The Christmas tree and other traditions have been adequately divested of their original pagan connotations by now so that a Christian can, in good conscience, utilize them to encourage the spirit of love and reconciliation that honors Christ. Thus, even those who are still unsaved participate in some measure in the “common grace” shed abroad on all men when Christ came into the world. As the Scripture says: “For the grace of God that bringeth salvation hath appeared unto all men” (Titus 2:11).

As far as the date of Christmas is concerned, this is unimportant in comparison with its message. Certainly the Saturnalian aspects of the Christmas and New Year celebrations ought to be avoided by Christians, as these are clearly pagan and anti-Christian in both origin and character. Apart from this, it is singularly appropriate to observe the entrance of God into man’s life at the time of the winter solstice, when the sun is at its farthest retreat and the nights are longest, for “the appearing of our Saviour Jesus Christ hath abolished death and hath brought life and immortality to light through the gospel” (2 Timothy 1:10).

As noted above, it is unlikely that December 25 is the actual birth date of Christ. Perhaps the most probable date, though no one really knows, is about September 29. This was the first day of the great Jewish Feast of Tabernacles, when thousands of pilgrims from all over Israel went up to Jerusalem to dwell in small “tabernacles” or booths, commemorating their wilderness wanderings and anticipating the coming kingdom, when God Himself would “tabernacle” with them (note Revelation 21:3). This would have been a good time for the Roman census, with the weather still warm and most of the harvest in, and with people traveling anyway. Shepherds would still have their flocks in the field, whereas none of these seems at all likely in the winter time. This same date was later celebrated by Christians as Michaelmas (meaning “Michael sent”), Michael being the great archangel of God. It is at least reasonable to suppose this observance may have had its origin in the coming of the angels to announce the birth of Christ to the shepherds (Luke 2:9-14).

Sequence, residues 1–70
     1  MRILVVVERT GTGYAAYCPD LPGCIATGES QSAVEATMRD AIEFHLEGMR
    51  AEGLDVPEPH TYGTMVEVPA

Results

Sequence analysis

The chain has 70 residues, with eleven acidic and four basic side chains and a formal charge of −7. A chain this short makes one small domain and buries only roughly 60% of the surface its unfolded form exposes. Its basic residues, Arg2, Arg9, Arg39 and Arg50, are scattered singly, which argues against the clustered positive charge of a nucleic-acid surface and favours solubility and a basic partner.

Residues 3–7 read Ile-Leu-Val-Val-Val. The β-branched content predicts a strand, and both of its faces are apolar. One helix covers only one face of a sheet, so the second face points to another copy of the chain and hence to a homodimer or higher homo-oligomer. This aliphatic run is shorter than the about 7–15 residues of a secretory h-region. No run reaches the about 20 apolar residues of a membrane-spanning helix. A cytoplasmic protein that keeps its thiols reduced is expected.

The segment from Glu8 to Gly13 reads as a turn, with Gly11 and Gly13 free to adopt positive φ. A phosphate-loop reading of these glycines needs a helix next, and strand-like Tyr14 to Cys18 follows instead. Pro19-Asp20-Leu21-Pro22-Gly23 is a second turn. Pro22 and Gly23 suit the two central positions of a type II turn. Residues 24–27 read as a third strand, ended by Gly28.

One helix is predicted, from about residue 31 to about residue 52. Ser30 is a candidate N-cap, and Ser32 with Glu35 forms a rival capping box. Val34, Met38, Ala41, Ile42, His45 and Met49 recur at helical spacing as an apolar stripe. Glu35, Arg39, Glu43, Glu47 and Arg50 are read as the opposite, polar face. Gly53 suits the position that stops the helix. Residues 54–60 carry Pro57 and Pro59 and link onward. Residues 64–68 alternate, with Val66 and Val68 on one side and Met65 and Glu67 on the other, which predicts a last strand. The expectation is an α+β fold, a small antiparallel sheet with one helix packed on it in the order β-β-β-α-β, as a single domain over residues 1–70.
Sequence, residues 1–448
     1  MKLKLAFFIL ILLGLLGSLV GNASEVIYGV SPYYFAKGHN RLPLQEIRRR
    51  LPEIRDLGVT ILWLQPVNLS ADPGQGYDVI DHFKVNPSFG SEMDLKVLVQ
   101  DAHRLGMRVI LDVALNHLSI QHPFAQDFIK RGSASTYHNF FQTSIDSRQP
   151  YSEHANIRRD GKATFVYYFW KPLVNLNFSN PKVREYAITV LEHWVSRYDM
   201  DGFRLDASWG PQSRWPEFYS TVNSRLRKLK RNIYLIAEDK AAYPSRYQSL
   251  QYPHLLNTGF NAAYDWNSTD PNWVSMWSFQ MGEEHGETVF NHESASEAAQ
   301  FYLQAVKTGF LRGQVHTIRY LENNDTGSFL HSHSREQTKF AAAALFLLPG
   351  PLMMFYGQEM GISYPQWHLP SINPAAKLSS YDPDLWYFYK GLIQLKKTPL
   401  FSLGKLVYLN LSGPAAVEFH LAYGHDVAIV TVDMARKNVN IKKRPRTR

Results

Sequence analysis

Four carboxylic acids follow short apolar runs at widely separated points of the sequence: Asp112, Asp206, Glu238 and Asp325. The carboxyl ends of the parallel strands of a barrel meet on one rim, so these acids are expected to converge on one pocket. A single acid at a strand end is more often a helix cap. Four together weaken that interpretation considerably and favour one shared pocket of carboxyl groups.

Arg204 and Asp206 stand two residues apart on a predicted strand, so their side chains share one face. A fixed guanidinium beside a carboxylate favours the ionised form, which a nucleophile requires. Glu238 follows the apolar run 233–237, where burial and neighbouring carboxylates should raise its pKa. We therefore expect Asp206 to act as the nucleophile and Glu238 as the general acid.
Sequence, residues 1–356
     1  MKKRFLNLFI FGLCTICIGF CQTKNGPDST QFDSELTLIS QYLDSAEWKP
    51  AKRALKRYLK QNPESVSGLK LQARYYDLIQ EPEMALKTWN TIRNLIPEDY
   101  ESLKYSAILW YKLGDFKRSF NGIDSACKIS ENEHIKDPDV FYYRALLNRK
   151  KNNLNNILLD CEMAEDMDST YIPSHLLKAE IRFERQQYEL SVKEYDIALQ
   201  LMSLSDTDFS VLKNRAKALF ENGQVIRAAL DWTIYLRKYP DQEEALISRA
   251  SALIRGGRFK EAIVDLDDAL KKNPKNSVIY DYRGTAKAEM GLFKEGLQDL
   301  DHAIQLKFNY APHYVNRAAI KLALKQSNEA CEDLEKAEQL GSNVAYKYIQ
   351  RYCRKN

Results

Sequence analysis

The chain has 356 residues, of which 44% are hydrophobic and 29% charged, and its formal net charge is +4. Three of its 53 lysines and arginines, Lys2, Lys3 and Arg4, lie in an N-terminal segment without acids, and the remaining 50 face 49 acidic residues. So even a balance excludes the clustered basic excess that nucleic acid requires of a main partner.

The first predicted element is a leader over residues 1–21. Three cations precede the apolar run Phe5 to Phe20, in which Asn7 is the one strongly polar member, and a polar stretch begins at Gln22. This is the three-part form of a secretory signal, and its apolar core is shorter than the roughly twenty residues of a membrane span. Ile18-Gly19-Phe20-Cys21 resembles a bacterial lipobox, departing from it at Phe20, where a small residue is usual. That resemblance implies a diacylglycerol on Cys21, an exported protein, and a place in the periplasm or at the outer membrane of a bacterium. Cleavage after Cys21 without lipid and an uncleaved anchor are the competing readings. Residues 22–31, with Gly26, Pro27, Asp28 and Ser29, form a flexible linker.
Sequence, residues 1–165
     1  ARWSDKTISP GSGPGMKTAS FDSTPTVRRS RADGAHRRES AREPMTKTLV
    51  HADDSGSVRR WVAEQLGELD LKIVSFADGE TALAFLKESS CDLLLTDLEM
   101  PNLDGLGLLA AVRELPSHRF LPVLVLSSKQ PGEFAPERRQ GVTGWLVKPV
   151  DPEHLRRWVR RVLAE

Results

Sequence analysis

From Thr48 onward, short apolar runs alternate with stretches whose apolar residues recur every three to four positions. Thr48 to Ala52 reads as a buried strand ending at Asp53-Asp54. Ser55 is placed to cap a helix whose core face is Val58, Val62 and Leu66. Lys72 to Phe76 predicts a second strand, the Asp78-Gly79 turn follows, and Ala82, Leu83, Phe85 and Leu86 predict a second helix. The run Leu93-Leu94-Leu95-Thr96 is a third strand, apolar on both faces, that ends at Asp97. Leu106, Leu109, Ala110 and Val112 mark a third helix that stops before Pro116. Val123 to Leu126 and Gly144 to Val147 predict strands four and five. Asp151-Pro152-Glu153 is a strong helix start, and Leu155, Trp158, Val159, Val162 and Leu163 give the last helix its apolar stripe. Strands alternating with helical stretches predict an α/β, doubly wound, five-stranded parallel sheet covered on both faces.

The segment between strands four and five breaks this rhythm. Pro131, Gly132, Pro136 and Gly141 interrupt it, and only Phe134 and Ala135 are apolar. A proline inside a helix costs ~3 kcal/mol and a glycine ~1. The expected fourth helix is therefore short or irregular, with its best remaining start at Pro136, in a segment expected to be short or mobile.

“The Word was made flesh and dwelt among us.” In this verse, “Dwelt” is literally the Greek word “tabernacled.” It is altogether fitting that the God whom the Feast of Tabernacles anticipated should actually first have been seen by men on that very day. “We beheld His glory, the glory as of the only begotten of the Father, full of grace and truth.”

If one counts back 280 days (the normal period of human gestation), he arrives at the previous December 25. And then he realizes that the great miracle of the incarnation was not the birth of Christ, which was a fully normal human birth in every respect, but rather the miraculous conception, when the Holy Spirit placed the “holy thing” in the womb of the Virgin Mary (Luke 1:35)!

It was on that great day that the eternal Son, the second person of the divine Trinity, left the courts of heaven and “took upon Him the form of a servant and was made in the likeness of men” (Philippians 2:7), knowing that this eventually would take Him to the “death of the cross.”

It is true that this world is surfeited with unrighteousness and that even Christmas in large measure has become a time of license and covetousness, but there is still much beauty and truth and love in the world, and it is not possible that God should allow Satan (and his Saturnalia) altogether to corrupt its everlasting witness to the One who came that men might have life as it really is.